ST. PETERSBURG, Fla. – Kids make mistakes. For all the growing anticipation over the crop of young players headed for Minnesota over the next few years, those three words are going to be gospel around the Twins for a while, and Monday’s 7-4 loss to the Rays was as good a reminder as you can get.
Aaron Hicks went 4-for-4 and lifted his batting average above .200 for the first time, and Oswaldo Arcia moved the go-ahead runner into scoring position with a single — but each made a rally-killing baserunning blunder, too. Samuel Deduno worked out of one jam after another — but gave up as many home runs in six innings as he had in his previous 49, including the tiebreaker. And Caleb Thielbar had only been perfect thus far this season, hadn’t given up so much as an infield hit in a month. But the ERA is 0.00 no more, after Ben Zobrist feasted on a pitch Thielbar left over the plate.
“It’s pretty disappointing,” manager Ron Gardenhire said after the Twins lost for the eighth time in nine games. “Guys are trying. But [Hicks] picked off at first base, Arcia trying to go to second base — silly stuff like that ends up shooting you in the end. And it did.”
The Twins collected 10 hits and put a runner on third base, at least, in six different innings. But a 2-for-12 night with runners in scoring position made the Twins’ self-inflicted outs in the fourth inning stick out even more. After Justin Morneau led off the fourth inning with his seventh home run, and fourth in his past seven games, Trevor Plouffe and Arcia singled. When the throw to third appeared to get past Evan Longoria, Arcia kept running, not noticing that the ball had bounced off pitcher Roberto Hernandez’s knee and back to Longoria.
“He lost sight of the ball. … He thought he had the base easy, but Longoria was standing there with it,” Gardenhire grumbled. “You’ve just got to make sure — there’s no outs there. Could be a big [inning].”
After a sacrifice fly by Chris Parmelee, Hicks lined a single, then contemplated, and aborted, a steal of second. Catcher Jose Molina fired the ball to first, and Hicks couldn’t get back.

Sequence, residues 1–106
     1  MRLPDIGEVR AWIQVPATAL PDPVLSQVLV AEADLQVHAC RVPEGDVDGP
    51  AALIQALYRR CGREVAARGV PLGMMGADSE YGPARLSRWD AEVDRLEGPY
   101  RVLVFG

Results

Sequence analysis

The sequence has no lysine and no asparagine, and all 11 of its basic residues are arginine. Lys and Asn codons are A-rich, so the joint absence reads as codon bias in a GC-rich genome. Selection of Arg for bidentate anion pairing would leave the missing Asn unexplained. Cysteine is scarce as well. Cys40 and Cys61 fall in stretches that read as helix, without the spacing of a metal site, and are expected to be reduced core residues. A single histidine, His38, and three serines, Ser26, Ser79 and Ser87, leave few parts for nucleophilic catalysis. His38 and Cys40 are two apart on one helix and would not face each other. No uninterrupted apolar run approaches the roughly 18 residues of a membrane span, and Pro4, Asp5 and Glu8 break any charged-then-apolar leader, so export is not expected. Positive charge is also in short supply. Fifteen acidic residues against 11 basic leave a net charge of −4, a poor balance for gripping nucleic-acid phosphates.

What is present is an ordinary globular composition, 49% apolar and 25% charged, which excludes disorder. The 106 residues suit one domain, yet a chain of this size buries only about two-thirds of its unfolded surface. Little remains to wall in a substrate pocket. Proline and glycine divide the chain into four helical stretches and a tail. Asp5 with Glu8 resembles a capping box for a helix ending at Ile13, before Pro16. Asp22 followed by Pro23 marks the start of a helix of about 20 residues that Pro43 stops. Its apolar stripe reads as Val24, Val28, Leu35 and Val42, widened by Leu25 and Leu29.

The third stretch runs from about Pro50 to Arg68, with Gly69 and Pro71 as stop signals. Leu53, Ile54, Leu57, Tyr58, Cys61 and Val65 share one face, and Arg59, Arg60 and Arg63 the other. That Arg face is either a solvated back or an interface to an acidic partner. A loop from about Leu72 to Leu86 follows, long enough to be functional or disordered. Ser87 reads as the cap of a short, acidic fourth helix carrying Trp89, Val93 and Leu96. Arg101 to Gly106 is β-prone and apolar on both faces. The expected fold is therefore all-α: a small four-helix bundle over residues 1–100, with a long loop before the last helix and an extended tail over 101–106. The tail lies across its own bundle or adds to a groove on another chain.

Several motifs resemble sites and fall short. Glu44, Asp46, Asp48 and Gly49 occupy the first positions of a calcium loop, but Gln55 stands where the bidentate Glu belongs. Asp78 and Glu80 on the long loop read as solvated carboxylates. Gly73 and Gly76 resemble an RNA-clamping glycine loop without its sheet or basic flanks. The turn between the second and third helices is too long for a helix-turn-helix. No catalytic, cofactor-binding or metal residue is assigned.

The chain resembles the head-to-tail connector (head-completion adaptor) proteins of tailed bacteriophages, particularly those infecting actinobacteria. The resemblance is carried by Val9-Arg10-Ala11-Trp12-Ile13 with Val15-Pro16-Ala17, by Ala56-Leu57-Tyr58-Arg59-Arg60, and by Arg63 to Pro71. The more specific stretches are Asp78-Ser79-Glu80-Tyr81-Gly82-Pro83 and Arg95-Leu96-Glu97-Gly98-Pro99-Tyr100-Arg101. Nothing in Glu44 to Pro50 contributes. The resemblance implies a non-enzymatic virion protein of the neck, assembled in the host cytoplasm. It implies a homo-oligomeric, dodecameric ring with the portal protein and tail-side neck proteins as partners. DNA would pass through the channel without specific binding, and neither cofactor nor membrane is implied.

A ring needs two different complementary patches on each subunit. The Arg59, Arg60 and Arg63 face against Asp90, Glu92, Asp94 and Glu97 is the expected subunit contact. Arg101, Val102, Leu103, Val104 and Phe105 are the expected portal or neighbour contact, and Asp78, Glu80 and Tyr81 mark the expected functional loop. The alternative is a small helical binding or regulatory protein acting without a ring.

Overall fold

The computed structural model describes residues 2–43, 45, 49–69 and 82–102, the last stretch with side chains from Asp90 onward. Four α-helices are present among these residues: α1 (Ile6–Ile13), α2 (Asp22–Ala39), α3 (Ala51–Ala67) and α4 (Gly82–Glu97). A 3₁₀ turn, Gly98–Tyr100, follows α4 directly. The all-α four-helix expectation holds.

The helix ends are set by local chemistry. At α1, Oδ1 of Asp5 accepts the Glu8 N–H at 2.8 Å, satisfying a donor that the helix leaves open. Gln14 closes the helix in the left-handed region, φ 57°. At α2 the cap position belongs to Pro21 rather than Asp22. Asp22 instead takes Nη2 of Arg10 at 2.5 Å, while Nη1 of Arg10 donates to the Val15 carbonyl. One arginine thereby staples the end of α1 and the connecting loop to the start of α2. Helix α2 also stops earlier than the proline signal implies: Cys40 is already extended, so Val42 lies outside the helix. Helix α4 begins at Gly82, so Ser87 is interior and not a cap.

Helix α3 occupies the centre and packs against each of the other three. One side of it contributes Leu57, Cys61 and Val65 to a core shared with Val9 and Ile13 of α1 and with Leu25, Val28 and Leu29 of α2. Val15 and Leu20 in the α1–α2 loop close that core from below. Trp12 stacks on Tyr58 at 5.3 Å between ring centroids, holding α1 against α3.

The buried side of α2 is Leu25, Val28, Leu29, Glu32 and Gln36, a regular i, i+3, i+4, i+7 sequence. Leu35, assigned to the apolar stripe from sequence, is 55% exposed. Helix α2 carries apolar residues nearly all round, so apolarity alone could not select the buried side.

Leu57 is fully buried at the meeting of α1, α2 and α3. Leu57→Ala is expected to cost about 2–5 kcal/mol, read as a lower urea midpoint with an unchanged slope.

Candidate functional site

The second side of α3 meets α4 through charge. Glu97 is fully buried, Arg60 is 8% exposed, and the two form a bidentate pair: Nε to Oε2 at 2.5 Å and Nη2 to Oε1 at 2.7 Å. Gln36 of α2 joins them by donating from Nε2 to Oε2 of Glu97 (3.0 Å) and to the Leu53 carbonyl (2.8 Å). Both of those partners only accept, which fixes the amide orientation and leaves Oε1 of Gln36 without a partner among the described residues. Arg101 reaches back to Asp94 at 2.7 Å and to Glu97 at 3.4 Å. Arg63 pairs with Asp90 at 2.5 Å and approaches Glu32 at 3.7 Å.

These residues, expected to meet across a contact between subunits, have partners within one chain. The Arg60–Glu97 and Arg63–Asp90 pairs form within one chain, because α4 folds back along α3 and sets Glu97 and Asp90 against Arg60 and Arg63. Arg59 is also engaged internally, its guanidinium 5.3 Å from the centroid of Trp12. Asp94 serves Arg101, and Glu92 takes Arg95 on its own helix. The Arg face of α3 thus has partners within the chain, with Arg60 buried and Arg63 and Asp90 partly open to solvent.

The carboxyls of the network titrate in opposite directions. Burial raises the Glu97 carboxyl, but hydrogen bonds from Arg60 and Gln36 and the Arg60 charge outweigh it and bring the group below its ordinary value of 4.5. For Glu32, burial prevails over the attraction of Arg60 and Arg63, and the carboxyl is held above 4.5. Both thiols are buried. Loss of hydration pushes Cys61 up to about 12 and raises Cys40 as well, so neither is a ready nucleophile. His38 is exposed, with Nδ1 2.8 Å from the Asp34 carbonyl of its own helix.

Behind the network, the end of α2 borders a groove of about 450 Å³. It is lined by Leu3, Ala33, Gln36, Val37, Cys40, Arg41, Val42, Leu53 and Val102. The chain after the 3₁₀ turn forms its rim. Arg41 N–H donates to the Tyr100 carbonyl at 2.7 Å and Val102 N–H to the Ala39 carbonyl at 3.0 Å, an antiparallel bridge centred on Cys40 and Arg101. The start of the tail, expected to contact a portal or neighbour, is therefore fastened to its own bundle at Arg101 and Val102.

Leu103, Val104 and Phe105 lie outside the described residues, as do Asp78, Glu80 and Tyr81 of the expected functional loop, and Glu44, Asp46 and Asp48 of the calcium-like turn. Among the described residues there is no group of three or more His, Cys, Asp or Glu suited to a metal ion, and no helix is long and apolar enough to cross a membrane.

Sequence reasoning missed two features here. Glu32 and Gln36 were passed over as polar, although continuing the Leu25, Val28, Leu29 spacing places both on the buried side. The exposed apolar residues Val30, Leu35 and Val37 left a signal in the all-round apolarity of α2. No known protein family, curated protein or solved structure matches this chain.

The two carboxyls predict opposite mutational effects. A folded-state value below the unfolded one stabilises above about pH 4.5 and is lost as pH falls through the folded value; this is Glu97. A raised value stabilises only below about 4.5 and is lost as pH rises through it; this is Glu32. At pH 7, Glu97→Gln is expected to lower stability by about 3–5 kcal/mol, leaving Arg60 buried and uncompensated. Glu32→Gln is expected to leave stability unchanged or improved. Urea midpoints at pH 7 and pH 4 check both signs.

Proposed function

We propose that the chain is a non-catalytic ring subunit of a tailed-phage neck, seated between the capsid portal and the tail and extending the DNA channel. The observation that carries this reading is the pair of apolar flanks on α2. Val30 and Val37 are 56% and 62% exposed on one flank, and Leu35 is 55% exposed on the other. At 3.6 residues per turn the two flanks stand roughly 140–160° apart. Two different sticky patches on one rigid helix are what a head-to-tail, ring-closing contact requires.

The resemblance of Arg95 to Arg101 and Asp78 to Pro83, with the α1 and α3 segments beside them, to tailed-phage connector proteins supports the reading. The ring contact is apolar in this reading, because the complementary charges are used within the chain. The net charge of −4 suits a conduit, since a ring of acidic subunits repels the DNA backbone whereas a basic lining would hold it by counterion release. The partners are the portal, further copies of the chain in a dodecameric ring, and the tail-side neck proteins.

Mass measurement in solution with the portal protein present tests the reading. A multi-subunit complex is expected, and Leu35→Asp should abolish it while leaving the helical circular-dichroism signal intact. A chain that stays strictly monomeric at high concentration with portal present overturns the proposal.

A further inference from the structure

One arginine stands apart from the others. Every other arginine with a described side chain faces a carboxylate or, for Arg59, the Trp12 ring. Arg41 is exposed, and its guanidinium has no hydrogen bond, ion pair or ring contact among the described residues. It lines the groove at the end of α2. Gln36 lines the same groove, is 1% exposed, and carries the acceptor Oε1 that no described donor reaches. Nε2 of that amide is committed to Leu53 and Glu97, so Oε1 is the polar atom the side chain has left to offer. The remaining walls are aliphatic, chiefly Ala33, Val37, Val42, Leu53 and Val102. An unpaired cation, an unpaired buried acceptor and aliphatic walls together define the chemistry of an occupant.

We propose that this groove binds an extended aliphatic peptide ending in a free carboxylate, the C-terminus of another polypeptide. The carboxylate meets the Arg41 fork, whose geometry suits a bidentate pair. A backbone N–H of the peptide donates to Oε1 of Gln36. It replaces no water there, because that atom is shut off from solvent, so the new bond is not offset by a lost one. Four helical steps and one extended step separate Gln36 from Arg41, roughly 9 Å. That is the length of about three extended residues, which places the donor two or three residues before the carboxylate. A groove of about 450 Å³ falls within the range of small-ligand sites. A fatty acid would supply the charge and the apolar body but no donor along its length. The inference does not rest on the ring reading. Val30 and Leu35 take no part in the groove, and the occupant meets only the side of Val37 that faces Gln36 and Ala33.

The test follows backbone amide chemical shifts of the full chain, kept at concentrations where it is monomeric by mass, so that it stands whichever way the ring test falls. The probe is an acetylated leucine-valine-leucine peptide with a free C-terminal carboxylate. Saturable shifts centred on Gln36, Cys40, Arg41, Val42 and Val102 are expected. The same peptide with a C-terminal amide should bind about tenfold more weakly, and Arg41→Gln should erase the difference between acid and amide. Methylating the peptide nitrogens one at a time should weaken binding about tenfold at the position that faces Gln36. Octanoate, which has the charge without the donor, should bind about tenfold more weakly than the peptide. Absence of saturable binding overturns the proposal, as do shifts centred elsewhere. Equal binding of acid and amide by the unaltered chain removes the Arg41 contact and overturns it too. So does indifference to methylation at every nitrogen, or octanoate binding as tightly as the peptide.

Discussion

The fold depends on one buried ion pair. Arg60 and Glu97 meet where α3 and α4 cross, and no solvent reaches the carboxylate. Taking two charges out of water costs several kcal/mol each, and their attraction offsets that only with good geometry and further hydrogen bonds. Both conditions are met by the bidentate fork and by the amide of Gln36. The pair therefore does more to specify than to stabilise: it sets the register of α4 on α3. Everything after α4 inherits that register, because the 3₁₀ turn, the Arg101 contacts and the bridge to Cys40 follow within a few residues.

“I was trying to get a bag, [but I] didn’t get the greatest jump,” explained Hicks, who is batting .400 since coming off the disabled list a week ago. “He just happened to catch me kind of still in the air, and made a good throw back to the bag.”
Limited to only two runs that inning, the Twins gave Deduno no margin for error. He gave up the tying run on a Longoria single in the fifth, then took the mound in the seventh hoping to keep it tied. But he left a changeup to Yunel Escobar over the plate, rather than his target outside, and it landed in the left-field seats. Luke Scott already had homered off Deduno, who had surrendered only two home runs in his previous eight starts.
“Just didn’t make pretty good pitches tonight,” said Deduno, now 4-4 after losing three of his past four starts. “Everything stayed up and fastball didn’t move.”
Desmond Jennings followed with a triple, and Gardenhire turned to Thielbar, whose numbers were reaching record territory.
They aren’t anymore.
“I just left a pitch up in the zone,” Thielbar said of the fastball that Ben Zobrist, who had not hit a home run righthanded all season, blasted into the bleachers. “Get it in there, and he probably just flies out to short left or something. Especially that situation, you’ve got to try to keep the game close there, and I didn’t do that. I didn’t really give us a chance to win those last two innings.”